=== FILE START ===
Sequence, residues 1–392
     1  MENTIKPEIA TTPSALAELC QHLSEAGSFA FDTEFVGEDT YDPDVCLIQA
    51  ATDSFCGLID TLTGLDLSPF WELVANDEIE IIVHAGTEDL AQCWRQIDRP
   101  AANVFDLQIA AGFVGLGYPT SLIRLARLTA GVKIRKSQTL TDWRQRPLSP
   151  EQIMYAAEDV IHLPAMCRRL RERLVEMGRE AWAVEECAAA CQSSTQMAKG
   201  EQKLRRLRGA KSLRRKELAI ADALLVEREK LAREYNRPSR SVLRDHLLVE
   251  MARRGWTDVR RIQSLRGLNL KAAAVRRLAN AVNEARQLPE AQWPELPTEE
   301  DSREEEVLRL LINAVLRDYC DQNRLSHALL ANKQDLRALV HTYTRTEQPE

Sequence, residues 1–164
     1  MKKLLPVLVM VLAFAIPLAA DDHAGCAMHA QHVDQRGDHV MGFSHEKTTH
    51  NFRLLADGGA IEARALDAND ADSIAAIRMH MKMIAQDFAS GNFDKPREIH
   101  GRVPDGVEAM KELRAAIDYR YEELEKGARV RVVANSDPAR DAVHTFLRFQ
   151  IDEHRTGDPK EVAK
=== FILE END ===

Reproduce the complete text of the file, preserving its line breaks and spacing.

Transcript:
Sequence, residues 1–392
     1  MENTIKPEIA TTPSALAELC QHLSEAGSFA FDTEFVGEDT YDPDVCLIQA
    51  ATDSFCGLID TLTGLDLSPF WELVANDEIE IIVHAGTEDL AQCWRQIDRP
   101  AANVFDLQIA AGFVGLGYPT SLIRLARLTA GVKIRKSQTL TDWRQRPLSP
   151  EQIMYAAEDV IHLPAMCRRL RERLVEMGRE AWAVEECAAA CQSSTQMAKG
   201  EQKLRRLRGA KSLRRKELAI ADALLVEREK LAREYNRPSR SVLRDHLLVE
   251  MARRGWTDVR RIQSLRGLNL KAAAVRRLAN AVNEARQLPE AQWPELPTEE
   301  DSREEEVLRL LINAVLRDYC DQNRLSHALL ANKQDLRALV HTYTRTEQPE

Sequence, residues 1–164
     1  MKKLLPVLVM VLAFAIPLAA DDHAGCAMHA QHVDQRGDHV MGFSHEKTTH
    51  NFRLLADGGA IEARALDAND ADSIAAIRMH MKMIAQDFAS GNFDKPREIH
   101  GRVPDGVEAM KELRAAIDYR YEELEKGARV RVVANSDPAR DAVHTFLRFQ
   151  IDEHRTGDPK EVAK